A new, rapid breath test can detect tuberculosis (TB) reports a study published online in Nature Communications. The test is specific to cases of TB that are sensitive to isoniazid, the most common antibiotic used for TB, to which resistance is uncommon.
Current methods for TB diagnosis, based on blood tests or microscopic examination of samples, are not highly reliable, and require microbiological confirmation that takes several weeks. Isoniazid, the main antibiotic used for TB treatment, is inactive when administered. Only TB bacteria possess an enzyme (KatG) that acts on the drug to yield an active antibiotic and nitrogen gas.
Graham Timmins and colleagues report the development and evaluation in laboratory animals of a breath test that detects the presence of isoniazid-sensitive TB bacteria. The test involves the administration of isoniazid that has been chemically labelled. After a period of five to ten minutes, labelled nitrogen gas is detected by mass spectrometry in the exhaled breath of the infected animals. A positive result indicates the presence of isoniazid-susceptible TB bacteria, whereas a negative result means either the absence of TB infection or presence of isoniazid-resistant TB bacteria.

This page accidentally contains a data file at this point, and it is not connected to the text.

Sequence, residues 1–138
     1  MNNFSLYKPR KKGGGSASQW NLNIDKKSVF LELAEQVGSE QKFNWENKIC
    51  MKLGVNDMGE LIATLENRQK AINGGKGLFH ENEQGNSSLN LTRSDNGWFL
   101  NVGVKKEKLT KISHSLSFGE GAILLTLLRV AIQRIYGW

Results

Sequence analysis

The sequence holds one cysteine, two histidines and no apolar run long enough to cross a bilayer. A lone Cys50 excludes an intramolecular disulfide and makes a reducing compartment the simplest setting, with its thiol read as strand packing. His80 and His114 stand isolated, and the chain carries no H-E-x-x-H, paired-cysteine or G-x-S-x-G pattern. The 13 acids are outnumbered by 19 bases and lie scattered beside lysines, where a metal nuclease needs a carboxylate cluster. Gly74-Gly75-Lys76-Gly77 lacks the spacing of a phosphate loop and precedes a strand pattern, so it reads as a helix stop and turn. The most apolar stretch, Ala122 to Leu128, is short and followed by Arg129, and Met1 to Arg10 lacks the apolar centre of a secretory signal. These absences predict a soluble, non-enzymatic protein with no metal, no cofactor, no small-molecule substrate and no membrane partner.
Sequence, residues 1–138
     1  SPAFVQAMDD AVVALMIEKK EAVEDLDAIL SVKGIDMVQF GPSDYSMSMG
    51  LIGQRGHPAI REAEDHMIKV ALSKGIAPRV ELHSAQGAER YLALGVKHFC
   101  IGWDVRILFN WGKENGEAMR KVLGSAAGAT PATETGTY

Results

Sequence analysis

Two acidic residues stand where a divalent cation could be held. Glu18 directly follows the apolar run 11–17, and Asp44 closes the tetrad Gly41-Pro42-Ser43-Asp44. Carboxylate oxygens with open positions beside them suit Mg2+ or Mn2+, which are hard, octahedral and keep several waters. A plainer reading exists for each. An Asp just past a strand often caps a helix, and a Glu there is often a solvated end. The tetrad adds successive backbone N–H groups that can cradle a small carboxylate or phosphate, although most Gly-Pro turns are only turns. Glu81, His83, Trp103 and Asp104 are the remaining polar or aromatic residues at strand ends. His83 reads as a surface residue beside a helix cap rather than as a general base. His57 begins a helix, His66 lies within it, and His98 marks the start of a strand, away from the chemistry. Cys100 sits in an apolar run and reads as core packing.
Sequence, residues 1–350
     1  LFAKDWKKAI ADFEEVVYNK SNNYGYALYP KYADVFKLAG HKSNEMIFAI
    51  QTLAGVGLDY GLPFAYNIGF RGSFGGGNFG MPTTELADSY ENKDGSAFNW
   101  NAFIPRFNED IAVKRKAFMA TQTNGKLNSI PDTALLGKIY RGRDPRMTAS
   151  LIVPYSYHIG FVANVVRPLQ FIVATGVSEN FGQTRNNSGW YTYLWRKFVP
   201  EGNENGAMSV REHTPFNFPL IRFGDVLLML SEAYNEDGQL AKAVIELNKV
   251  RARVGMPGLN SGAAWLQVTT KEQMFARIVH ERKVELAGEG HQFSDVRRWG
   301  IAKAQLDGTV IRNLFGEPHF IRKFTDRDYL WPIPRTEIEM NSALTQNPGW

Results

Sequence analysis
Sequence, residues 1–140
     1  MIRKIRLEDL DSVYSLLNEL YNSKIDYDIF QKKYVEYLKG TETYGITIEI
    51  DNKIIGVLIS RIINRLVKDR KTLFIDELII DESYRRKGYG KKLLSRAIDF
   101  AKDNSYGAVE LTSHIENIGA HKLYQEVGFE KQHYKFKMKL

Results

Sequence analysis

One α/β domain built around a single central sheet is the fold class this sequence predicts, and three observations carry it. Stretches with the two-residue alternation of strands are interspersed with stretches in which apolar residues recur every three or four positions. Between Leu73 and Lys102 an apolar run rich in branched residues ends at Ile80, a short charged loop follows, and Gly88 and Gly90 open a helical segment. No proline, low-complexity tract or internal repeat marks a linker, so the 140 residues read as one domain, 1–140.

Portable mass spectrometry devices are currently under development, indicating that the breath test has the potential to become a point-of-care tool in the near future. Clinical studies are required to evaluate the safety and effectiveness of the new test, which could help doctors make rapid decisions and prescribe optimal antibiotic therapies.
Genetics: Correcting for genetic associations between alcohol and diseaseNature Communications
Biomedical engineering: Tiny device goes with the (blood) flowNature Communications